Monday, October 15, 2012 12:00pm (110 INSCC)
Title: Ultra High Energy Cosmic Ray Energy Spectrum and Composition using Hybrid Analysis with Telescope Array
Cosmic radiation was discovered in 1912. This year, the 100th anniversary of the discovery, marks not only the major progress that has been made in understanding these particles, but also the remaining questions about them. Questions about their sources, acceleration mechanisms, propagation and composition are still unanswered. There are only two experiments currently running which have the ability to study cosmic rays in the Ultra High Energy (E 1018 eV) regime.
The Telescope Array studies Ultra High Energy Cosmic Rays (UHECRs) using a hybrid detector. Fluorescence telescopes measure the longitudinal development of the extensive air shower generated by a primary cosmic ray particle, while scintillator detectors measure the lateral distribution of secondary particles that hit the ground. The Middle Drum (MD) fluorescence telescope consists of 14 refurbished telescopes from the High Resolution Fly's Eye (HiRes) experiment, providing a direct link back to the HiRes experiment and data. The surface array is comprised of 507 Scintillator Detectors (SD) of a similar design as was used by the Akeno Giant Air Shower Array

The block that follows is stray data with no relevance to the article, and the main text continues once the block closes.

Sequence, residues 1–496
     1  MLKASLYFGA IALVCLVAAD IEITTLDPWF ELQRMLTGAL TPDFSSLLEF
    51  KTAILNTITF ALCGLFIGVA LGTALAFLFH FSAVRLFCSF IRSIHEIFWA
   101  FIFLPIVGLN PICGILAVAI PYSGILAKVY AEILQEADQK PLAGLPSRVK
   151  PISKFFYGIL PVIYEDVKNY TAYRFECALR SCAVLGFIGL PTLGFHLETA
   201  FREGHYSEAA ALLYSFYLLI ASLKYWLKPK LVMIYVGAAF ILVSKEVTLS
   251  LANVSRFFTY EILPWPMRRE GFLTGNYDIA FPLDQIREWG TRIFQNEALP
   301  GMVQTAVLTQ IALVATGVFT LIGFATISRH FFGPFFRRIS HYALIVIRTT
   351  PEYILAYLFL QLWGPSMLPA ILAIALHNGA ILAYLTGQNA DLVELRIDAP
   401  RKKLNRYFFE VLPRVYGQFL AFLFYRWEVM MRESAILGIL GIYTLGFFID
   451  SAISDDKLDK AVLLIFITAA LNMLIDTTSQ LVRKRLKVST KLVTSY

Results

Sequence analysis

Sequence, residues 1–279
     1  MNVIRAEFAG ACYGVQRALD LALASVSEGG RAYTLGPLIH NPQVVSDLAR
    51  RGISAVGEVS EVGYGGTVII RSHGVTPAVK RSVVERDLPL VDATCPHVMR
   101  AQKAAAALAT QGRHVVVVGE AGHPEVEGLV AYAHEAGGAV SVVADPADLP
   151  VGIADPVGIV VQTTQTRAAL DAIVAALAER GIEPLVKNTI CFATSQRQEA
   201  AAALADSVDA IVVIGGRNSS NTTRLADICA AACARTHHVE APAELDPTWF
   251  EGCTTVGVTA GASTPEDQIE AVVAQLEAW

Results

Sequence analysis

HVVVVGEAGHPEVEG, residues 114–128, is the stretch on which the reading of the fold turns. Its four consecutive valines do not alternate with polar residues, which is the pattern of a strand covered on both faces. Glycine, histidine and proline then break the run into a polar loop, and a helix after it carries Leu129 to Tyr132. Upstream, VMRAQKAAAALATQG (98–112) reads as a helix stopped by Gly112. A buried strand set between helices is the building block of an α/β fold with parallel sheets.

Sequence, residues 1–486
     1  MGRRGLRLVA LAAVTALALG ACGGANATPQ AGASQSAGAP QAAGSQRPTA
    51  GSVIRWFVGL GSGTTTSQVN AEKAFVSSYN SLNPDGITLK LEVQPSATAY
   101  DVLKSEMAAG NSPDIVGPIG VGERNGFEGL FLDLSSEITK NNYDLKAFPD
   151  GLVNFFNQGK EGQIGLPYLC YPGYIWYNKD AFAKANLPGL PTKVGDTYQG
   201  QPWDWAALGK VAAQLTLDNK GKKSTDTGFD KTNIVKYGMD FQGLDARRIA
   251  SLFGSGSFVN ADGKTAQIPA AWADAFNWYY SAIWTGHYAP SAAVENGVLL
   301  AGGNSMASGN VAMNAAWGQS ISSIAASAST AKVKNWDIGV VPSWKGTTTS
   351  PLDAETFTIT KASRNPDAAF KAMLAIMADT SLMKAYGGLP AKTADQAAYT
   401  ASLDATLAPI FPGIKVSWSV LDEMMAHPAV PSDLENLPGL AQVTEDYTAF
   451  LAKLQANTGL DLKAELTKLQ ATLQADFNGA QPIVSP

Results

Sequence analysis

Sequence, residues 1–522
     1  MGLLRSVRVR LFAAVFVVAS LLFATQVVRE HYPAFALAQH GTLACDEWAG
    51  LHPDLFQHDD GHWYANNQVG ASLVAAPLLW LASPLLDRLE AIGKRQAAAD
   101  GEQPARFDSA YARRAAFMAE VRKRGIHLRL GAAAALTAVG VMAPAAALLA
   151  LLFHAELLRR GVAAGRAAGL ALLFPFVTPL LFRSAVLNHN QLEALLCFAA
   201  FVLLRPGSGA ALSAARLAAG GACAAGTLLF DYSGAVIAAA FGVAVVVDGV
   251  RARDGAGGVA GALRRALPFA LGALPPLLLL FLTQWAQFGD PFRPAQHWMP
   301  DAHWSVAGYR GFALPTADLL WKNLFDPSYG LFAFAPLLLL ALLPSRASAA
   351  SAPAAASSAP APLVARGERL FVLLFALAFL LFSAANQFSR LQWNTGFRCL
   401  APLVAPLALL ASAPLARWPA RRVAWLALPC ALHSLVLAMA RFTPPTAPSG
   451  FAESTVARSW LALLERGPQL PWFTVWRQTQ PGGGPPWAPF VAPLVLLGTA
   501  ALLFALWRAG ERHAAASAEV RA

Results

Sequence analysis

(AGASA), providing a link to that experiment as well. Using events observed by both types of detectors improves the geometrical reconstruction of the showers significantly. This provides a more accurate reconstruction of the energy of the primary particle and makes it possible to make a measurement of the cosmic ray chemical composition. The spectral and composition measurements made by this hybrid detector will be presented.